The soft-skinned prostitute
Men were willing to pay four times the going rate “to lie” with Anne Cobbie
Anne Cobbie was a prostitute who worked in the bawdy house of Mr John and Mrs Jane Bankes in the parish of St Clement Danes, Westminster in the 1620s (by which point England’s Tudor dynasty had been replaced by the Stuarts). It was said that men would rather give her a “piece” – a gold coin worth 22 shillings – “to lie with her” than another woman five shillings “because of her soft skin”. Mary Hall, another prostitute from the Bankes’ establishment, described Anne as a “tawny moore”. This suggests she had relatively light skin, and so perhaps was from one of the ‘Barbary States’ of north Africa, or even, given her English surname, the mixed-race child of a black Tudor and an Englishman or woman.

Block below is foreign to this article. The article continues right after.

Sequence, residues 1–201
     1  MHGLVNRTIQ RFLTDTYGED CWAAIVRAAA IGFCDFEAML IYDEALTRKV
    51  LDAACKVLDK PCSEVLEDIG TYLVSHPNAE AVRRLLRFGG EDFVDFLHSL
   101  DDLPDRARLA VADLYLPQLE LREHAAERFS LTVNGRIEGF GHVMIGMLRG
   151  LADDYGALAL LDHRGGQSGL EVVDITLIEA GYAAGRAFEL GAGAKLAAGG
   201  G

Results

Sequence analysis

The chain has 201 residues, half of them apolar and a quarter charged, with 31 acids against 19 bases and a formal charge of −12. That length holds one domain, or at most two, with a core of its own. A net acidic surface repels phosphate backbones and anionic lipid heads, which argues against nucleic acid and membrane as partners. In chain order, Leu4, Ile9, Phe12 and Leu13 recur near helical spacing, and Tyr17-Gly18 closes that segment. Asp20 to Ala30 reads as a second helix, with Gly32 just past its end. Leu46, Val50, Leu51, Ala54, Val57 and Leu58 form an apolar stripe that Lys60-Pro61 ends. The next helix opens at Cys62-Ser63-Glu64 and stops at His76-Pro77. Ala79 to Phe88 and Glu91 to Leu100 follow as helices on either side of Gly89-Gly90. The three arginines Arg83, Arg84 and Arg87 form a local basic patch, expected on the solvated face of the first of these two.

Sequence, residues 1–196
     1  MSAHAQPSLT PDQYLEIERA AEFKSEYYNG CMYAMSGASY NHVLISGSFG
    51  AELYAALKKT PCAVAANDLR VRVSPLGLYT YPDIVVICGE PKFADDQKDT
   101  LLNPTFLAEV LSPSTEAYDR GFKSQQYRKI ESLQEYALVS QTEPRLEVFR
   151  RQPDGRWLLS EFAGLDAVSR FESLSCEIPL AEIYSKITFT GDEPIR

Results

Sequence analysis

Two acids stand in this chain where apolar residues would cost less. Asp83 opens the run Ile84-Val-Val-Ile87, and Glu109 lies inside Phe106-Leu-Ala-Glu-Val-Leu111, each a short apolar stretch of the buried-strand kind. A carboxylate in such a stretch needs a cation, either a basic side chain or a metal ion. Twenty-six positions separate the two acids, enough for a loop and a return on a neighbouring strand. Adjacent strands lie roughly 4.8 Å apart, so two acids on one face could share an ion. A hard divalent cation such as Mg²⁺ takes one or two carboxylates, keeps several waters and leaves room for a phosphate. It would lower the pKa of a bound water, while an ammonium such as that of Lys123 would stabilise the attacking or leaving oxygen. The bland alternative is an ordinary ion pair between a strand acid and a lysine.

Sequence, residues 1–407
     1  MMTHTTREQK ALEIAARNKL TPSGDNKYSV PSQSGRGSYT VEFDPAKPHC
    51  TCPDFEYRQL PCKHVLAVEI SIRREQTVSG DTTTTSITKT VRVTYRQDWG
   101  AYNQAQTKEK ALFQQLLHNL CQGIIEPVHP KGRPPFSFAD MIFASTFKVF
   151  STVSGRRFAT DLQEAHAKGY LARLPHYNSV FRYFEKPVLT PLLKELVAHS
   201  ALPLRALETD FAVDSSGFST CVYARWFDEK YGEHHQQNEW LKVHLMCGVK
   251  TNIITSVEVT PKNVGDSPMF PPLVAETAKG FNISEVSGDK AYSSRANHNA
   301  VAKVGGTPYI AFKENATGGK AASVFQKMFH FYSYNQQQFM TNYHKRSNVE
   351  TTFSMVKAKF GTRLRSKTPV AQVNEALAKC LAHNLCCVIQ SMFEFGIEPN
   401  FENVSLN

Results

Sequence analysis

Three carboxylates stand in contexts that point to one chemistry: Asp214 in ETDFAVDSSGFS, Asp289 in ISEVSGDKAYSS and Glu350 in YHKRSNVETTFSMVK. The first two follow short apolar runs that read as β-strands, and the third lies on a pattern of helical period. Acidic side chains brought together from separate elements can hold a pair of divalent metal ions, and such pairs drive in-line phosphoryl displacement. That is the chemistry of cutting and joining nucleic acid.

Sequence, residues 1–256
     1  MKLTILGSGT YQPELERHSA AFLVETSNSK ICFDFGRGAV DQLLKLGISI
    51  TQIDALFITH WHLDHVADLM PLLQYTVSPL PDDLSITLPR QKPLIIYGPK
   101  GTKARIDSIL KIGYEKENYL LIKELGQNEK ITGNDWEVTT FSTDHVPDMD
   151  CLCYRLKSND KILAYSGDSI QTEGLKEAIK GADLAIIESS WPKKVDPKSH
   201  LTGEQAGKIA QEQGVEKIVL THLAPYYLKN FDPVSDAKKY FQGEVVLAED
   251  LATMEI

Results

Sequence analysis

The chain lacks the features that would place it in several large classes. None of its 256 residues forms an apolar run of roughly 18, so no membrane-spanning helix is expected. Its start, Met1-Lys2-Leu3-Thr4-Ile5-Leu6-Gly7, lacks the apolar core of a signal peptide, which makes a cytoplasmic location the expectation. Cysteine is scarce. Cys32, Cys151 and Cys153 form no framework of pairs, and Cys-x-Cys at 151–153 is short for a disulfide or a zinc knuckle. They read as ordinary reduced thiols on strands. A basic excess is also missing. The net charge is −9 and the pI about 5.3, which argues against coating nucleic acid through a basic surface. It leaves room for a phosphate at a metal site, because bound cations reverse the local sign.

Cobbie’s activities were illicit, since Henry VIII had closed down the last legal brothels in 1546, and she duly found herself in Westminster Sessions Court – one of 10 women cited when the Bankes were charged in 1626 with “keeping a common brothel house”. The action was brought by one Clement Edwards, a former rector of Witherley in Leicestershire, whose wife had left him to work in the Bankes’ establishment. Although the Bankes were briefly incarcerated in the Gatehouse Prison, close to Westminster Abbey, Anne Cobbie evaded punishment (which could include carting, flogging, a fine, banishment from the city or imprisonment in Bridewell prison, where inmates were forced to beat hemp and spin flax).
Cobbie’s story is unusual, in that there is actually more evidence of African men visiting English prostitutes than vice versa at this time. In December 1577, “Jane Thompson a harlot’” was whipped because “she had consented to commit whoredom with one Anthony a blackamore”, and they were caught in bed together “the door locked to them”.